Americans should also ask why the United States would move toward single-payer care, when countries all over the world with decades of single-payer experience now turn toward private health care to solve their failures. Even Sweden, often heralded as the paradigm of a successful welfare state, has failed its citizens in health care access. To fix their system, Swedish municipal governments have increased spending on private care contracts by 50 percent in the past decade. Primary care clinics and nursing facilities are now run by the private sector or receive substantial public funding.
Private sector competition has also been introduced into pharmacies to tear down the previous government monopoly over all prescription and non-prescription drugs. Even though England’s NHS is projected to hit a £30B funding shortfall in 2020-21, one of the very few areas where funding is increasing is to non-NHS providers. In 2016, the U.K. government spent more than half of its total budgetary increase from taxpayers on private and other non-NHS providers. Governments of Finland, Ireland, Italy, the Netherlands, Norway, Spain, Sweden and Denmark, all with single-payer care, now spend taxpayer money on private care, sometimes even outside their country, to solve their unconscionable failures to deliver adequate care.
What about our own government-run health programs? They are fraught with errors, fraud and waste. Medicare throws away $60 billion of taxpayers’ money per year, by Government Accountability Office estimates. The Office of the Inspector General reported in February 2018 that “California made Medicaid payments of $738.2 million ($628.8 million Federal share) on behalf of 366,078 ineligible beneficiaries and $416.5 million ($402.4 million federal share) on behalf of 79,055 potentially ineligible beneficiaries.” And despite politicians vilifying private insurers, Medicare ranks at or near the top for the highest rates of claim refusals — more than nearly all comparison private insurers every year on the AMA Insurer Report Card. The truth is that more than 70 percent of seniors must rely on private insurance to supplement or replace traditional Medicare. Why would they do that if it was so satisfactory?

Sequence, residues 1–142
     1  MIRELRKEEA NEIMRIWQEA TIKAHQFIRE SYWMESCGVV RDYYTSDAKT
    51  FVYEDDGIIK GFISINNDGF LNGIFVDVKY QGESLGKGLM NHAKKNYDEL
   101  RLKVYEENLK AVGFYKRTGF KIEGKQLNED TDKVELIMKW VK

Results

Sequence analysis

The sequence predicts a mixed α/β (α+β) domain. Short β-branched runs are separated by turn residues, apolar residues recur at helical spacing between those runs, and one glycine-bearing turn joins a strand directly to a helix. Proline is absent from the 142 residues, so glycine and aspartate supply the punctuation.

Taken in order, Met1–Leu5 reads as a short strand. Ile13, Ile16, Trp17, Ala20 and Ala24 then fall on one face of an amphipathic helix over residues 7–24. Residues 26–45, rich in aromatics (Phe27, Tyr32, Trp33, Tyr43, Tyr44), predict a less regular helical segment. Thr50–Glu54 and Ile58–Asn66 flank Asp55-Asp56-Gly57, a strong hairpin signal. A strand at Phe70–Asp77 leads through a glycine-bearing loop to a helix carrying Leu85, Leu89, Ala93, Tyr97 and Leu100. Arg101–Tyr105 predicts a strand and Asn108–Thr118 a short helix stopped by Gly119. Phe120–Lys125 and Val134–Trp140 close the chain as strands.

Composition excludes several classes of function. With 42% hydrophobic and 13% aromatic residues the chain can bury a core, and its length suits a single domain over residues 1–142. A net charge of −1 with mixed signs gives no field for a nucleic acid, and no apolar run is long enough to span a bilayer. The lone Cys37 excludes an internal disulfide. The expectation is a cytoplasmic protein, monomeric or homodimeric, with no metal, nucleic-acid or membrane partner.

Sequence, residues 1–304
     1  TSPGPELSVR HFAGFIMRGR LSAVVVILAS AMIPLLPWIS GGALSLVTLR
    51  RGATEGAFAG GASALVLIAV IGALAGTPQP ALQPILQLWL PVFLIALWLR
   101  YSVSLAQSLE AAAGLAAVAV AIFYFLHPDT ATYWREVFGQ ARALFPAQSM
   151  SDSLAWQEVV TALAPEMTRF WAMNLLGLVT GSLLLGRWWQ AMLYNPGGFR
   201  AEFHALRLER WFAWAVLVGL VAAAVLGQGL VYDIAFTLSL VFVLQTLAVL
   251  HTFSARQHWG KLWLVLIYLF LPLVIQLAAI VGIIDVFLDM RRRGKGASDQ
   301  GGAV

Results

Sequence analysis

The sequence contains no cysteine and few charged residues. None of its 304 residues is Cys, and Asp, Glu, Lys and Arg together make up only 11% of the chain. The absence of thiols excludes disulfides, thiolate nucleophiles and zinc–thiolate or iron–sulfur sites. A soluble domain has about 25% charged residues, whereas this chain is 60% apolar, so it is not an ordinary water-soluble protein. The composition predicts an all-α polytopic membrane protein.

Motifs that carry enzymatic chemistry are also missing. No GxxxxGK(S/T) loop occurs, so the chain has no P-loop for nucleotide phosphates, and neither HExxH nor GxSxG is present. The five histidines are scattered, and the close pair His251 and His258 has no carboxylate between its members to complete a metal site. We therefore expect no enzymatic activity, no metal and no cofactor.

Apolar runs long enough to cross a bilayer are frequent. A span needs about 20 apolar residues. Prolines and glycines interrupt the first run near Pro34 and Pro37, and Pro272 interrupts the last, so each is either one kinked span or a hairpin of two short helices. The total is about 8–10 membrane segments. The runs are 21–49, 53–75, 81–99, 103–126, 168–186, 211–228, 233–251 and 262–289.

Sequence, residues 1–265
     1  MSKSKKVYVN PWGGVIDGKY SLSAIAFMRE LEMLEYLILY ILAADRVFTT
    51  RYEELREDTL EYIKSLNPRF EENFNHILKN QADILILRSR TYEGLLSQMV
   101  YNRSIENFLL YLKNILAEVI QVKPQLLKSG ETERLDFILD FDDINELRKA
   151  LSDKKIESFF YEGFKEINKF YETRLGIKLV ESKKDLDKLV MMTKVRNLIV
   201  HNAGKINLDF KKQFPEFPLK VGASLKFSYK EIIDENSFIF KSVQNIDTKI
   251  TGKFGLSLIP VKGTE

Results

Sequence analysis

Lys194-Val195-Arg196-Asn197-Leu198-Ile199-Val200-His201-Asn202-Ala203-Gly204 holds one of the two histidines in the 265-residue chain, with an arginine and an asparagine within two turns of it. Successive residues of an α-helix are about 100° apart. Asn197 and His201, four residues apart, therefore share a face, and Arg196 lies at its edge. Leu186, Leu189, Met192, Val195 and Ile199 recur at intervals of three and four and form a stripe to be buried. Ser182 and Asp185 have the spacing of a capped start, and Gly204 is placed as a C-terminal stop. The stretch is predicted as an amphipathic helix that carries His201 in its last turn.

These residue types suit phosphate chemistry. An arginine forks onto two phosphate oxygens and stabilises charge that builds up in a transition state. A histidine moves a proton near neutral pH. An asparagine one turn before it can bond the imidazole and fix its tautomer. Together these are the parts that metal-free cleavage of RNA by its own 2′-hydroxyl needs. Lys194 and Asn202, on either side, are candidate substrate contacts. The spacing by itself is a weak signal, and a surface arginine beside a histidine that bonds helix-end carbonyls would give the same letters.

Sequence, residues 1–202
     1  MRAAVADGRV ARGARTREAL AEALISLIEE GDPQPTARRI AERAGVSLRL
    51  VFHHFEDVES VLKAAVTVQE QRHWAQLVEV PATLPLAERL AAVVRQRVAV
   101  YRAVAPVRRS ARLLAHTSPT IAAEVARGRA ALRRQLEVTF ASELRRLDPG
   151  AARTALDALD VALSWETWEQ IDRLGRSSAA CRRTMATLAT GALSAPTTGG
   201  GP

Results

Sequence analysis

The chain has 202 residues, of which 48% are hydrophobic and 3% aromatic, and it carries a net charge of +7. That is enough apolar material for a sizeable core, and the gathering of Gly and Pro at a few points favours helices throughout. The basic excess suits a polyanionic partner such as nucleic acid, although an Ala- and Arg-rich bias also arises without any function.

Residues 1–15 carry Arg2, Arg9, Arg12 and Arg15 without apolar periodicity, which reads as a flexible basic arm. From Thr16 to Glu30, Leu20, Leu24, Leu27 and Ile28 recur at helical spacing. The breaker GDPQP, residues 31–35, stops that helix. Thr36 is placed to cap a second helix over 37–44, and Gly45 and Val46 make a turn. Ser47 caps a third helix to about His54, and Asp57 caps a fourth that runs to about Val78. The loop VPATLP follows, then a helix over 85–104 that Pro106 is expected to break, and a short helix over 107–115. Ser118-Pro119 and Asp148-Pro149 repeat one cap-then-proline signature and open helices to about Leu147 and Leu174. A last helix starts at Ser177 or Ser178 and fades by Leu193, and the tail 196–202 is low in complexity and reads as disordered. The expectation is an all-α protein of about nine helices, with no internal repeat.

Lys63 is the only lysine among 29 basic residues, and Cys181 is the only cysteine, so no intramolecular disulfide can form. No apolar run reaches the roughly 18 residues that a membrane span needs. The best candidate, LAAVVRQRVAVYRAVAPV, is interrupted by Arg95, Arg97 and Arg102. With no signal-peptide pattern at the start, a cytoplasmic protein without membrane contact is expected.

We know there is an alternative, but it is not easily encapsulated into a marketing slogan. Reducing the price of health care by competition, not over-regulation, will lower insurance premiums, reduce outlays from government programs and broaden access to quality care for everyone. Instead of compelling Americans to accept an inferior government-run system that universally restricts access to important drugs, technology and medical care to regulate costs, let’s focus on creating conditions long proven to bring down prices while simultaneously improving quality in virtually every other good or service in America.
That means giving patients control of the money to force doctors and hospitals to compete. Legislation and deregulation to generate cheaper, less bloated insurance that prevents catastrophic expenses; increasing the supply of competing medical care providers, and financially rewarding patients, including seniors, to seek value with their money would stimulate competition among doctors and hospitals, and markedly reduce the price of care. These reforms would permit all Americans, rich or poor, to access the same excellence of medical care that our American politicians all use for their own health care, including the most strident advocates of single-payer care for the rest of us.
• Scott W. Atlas is the David and Joan Traitel Senior Fellow at Stanford’s Hoover Institution and the author of “Restoring Quality Health Care: A Six Point Plan for Comprehensive Reform at Lower Cost” (Hoover Press, 2016).